A:

An initial public offering (IPO) lock-up period is a contractual restriction that prevents insiders who are holding a company's stock, before it goes public, from selling the stock for a period usually lasting 90 to 180 days after the company goes public. Insiders include company founders, owners, managers, employees and venture capitalists.

The purpose of an IPO lock-up period is to prevent the market from being flooded with a large number of shares, which would depress the stock's price. Insiders' selling activities can have a particularly strong impact on a company's share price when the company has recently gone public because these stockholders typically own a relatively large percentage of the company's shares, while only a small percentage of shares are sold to the public.

Another reason for the lock-up period is that large sales by those closest to the company can give the appearance of a lack of faith in the company's prospects, even when insiders simply want to cash in long-anticipated profits. It is common for a company's stock price to drop permanently when the lock-up period ends and for its trading volume to increase substantially.

Sometimes insiders cannot sell their shares even when the lock-up period expires because they possess material, nonpublic information and a sale would constitute insider trading. Such a scenario might occur, for example, if the end of the lock up coincided with earnings season.

The Securities and Exchange Commission does not require companies that are going public to have a lock-up period. Rather, the lock-up period is something that the companies themselves and/or the investment banks underwriting the IPO request to keep the stock's price up.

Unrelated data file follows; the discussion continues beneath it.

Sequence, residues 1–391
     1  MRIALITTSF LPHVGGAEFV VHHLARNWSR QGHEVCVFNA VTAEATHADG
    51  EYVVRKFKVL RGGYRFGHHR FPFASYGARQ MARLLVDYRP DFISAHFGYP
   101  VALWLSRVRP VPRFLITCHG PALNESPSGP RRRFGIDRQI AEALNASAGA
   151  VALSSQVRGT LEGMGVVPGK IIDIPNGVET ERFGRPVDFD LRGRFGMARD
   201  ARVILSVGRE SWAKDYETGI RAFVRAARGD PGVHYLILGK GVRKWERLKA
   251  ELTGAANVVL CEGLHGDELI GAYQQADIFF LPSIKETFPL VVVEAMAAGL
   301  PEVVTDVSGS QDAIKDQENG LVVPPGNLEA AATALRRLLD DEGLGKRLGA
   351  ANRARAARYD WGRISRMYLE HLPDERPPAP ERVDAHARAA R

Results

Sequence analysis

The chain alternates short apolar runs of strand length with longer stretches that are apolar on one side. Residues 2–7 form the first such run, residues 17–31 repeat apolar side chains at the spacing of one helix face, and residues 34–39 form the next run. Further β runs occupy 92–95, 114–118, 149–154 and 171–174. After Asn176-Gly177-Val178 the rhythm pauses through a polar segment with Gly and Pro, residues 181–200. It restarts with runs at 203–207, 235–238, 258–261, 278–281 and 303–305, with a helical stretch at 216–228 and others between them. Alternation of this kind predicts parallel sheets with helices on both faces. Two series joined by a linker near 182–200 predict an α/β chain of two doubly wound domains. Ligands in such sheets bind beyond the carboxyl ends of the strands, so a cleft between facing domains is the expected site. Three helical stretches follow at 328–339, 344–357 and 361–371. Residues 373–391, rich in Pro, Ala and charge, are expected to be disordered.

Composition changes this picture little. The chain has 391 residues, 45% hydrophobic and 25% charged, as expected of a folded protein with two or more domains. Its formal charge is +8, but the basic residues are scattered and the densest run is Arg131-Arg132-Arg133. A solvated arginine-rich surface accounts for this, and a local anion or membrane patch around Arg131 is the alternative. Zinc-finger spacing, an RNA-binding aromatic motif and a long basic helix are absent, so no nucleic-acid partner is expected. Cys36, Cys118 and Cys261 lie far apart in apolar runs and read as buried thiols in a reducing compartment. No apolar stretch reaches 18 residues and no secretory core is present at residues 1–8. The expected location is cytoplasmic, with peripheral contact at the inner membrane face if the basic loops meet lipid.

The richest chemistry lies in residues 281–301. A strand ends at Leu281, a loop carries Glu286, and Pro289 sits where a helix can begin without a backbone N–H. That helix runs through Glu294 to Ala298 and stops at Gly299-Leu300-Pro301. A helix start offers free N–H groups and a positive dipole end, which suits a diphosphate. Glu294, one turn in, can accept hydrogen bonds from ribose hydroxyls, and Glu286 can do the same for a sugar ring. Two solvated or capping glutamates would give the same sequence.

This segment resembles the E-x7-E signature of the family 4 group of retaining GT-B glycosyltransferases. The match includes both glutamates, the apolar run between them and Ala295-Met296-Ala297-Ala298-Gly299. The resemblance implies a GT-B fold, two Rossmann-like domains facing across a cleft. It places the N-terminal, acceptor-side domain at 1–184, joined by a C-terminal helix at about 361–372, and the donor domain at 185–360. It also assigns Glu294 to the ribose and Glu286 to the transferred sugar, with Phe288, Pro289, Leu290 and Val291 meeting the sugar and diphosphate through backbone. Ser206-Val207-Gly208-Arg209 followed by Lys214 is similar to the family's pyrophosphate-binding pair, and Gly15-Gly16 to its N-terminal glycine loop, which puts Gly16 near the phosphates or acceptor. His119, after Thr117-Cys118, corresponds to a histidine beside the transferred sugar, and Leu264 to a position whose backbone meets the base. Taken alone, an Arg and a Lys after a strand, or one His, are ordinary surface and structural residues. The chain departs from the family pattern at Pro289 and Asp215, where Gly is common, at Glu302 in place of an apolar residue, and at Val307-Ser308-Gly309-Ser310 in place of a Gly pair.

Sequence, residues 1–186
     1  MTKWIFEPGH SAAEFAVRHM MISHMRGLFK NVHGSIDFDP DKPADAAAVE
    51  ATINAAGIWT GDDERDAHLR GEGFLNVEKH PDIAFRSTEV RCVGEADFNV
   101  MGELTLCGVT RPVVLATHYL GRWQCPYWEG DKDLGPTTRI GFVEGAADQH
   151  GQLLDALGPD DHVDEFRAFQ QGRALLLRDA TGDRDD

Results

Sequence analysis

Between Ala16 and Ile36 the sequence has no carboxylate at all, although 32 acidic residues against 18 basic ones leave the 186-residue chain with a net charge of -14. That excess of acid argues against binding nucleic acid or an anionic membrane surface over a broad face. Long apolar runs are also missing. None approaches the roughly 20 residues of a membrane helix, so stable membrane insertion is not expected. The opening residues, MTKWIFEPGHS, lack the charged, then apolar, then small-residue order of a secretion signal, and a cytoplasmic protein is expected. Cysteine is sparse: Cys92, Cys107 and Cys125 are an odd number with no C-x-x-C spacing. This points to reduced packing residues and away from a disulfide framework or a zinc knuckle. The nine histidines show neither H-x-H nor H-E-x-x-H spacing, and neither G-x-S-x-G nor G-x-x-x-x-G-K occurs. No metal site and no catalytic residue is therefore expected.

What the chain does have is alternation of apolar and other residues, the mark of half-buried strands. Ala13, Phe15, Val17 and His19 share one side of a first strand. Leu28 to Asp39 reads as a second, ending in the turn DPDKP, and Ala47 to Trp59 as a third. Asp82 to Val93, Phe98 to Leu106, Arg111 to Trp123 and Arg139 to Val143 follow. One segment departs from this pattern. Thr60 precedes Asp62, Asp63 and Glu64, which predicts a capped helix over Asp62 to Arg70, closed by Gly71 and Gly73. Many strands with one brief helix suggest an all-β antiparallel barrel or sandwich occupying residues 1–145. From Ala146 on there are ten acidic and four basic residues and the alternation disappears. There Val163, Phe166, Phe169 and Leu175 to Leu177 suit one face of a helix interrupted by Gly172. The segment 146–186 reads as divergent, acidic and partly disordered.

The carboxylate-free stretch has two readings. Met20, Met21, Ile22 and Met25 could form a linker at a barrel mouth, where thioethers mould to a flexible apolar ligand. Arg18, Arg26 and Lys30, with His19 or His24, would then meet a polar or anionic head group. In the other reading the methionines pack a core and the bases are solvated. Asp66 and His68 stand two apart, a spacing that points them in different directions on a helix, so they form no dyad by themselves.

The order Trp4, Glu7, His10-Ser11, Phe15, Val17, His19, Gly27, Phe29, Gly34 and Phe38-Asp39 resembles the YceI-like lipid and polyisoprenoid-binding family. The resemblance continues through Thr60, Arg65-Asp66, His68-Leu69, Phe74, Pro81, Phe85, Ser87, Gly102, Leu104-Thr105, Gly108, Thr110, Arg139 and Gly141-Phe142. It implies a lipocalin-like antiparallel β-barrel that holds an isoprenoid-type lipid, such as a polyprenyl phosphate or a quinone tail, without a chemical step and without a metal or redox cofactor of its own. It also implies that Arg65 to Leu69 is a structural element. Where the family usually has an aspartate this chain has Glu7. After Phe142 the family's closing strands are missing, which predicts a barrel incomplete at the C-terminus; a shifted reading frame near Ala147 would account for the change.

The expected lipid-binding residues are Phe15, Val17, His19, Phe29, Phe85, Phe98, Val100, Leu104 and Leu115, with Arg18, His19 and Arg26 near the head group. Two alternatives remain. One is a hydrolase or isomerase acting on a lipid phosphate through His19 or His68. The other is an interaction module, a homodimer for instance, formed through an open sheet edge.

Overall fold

For example, Facebook's IPO lock up prevented the sale of 271 million shares during the company's first three months of public ownership. FB hit an all-time low of $19.69 the day its first lock-up period ended, a price about 50% lower than the share price on the day the company went public. Further restrictions prevented the sale of another 1.66 billion shares through mid-2013. Facebook's unusual lock-up policy released insider shares at five different dates.

The public can learn about a company's lock-up period(s) in its S-1 filing with the SEC; subsequent S-1As will announce any changes to the lock-up period(s).

RELATED FAQS
  1. What's the difference between insider trading and insider information?

    Learn about insider information and insider trading and the differences between the two; both involve nonpublic information ... Read Answer >>
  2. What exactly is insider trading?

    An "insider" is any person who possesses at least one of the following: 1) access to valuable non-public information about ... Read Answer >>
  3. What is the difference between an IPO and a seasoned issue?

    Learn how companies issue IPO securities when they first go public and seasoned issue shares if they sell more shares in ... Read Answer >>
  4. What are the advantages and disadvantages for a company going public?

    An initial public offering (IPO) is the first sale of stock by a company. Small companies looking to further the growth of ... Read Answer >>